"A lot of times with your stereotypical heterosexual relationship, the reader is forced to identify with the female character. But with yaoi since there is no female character, you can identify with either one of them." Livingston said.
That's especially significant considering in a good deal of girls' manga the female characters can act submissive or mousy to the point of cluelessness.
Most experts say you can't really pigeonhole the typical yaoi fan, but there are a few distinguishing characteristics.
The average fan tends to be somewhere between the ages of 19 and 40, though they can skew both older and younger. They're typically college-educated, Internet-friendly and knowledgeable about anime and manga.
"Our audience are mature women who are not ashamed of their sexuality," said Tran Nguyen, president of the boutique publisher Drama Queen. "They're mature woman who enjoy and embrace sexuality and explicitness of stories as well as sweetness and the romance."
"I have to say as a generation they seem happy and very healthy young teenagers," said Abraham of the younger yaoi fans. "They're not like the brooding heavy metal kids from my generation."
Of course, as with any material of this nature there is a concern among fans and publishers that it will catch the attention of concerned parents and other moral authorities, especially considering that some yaoi can be extremely explicit and even transgressive.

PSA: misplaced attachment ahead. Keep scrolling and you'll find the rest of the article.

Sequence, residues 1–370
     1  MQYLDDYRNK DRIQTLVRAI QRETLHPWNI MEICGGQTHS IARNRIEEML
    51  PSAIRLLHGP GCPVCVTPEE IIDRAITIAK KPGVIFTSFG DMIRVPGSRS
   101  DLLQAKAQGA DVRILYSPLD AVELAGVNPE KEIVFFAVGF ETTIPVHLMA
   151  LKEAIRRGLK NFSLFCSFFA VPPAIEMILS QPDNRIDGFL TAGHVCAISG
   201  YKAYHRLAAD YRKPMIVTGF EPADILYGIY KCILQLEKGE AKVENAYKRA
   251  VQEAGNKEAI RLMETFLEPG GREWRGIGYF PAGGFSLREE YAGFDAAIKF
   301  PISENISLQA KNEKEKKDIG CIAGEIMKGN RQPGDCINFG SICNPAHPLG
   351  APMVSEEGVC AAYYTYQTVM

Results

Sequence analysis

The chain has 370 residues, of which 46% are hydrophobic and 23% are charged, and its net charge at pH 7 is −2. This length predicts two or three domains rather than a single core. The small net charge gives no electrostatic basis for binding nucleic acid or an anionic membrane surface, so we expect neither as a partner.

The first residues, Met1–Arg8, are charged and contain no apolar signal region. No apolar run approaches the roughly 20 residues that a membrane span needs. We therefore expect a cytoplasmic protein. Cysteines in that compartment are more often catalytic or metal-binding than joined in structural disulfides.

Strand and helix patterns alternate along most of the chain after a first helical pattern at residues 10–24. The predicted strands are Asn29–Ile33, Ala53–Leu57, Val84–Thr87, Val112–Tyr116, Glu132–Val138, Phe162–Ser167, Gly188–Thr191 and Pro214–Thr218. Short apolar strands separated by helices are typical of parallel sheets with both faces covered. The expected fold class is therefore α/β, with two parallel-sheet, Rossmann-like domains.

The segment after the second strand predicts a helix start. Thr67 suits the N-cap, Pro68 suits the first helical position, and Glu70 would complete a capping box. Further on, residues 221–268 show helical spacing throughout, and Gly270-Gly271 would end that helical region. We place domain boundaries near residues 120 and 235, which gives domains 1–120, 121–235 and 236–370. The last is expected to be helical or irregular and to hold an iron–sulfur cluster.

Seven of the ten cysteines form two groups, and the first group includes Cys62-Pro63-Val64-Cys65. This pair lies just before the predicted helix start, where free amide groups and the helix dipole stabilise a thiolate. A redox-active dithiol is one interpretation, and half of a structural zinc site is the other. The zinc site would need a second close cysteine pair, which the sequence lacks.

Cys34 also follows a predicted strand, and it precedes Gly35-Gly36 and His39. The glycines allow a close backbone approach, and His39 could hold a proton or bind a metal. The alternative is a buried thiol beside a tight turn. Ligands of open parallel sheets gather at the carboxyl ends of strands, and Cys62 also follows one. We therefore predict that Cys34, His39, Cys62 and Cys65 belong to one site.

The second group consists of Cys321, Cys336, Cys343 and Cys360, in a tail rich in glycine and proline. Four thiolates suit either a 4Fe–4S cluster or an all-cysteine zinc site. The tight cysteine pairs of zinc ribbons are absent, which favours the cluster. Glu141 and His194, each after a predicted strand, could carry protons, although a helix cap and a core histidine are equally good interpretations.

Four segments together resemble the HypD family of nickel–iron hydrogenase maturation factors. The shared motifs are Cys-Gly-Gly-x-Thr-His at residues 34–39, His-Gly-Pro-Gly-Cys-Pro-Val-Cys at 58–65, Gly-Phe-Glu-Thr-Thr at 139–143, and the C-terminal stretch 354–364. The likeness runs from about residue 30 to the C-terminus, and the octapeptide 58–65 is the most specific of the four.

"That fear's always there with anything that's not mainstream. And when it involves alternative sexuality, even more so," said Gutierrez. "There's been no furor or uproar yet. But as more and more yaoi books are published, the worry's definitely there."
"It doesn't matter how many disclaimers they put into the book, something's going to come along that's going to tweak someone's nose or worse," Butcher said, adding that "Any controversy that comes up is only going to make it more popular."
Most publishers take concerted effort to make retailers and readers fully aware of what's on the pages, shrinkwrapping books and slapping various parental advisory stickers on the front and back covers.
"My take on things is this is for women who are 18 and older and they have the right to determine for themselves what turns them on and what is erotic for them," Tran said. "When it comes, we'll be ready to answer the critics."
There's also the fear that the big yaoi boom might be over or nearing the tipping point. With so many new publishers and books to choose from, will fans get more selective?
"I don't think it's going to explode. I don't think it's going to be even 50 percent of the market five years from now. I think it's going to continue to be a little corner of things," said Diaz- Przybyl.
Whether the genre continues to grow or not, whether it comes under fire from the mainstream or not, it will almost certainly retain a devoted following for those who choose to seek it out.
"Yaoi is my obsession," said Abraham. "It's my whole life."
Copyright The Patriot-News, 2007
Labels: manga, yaoi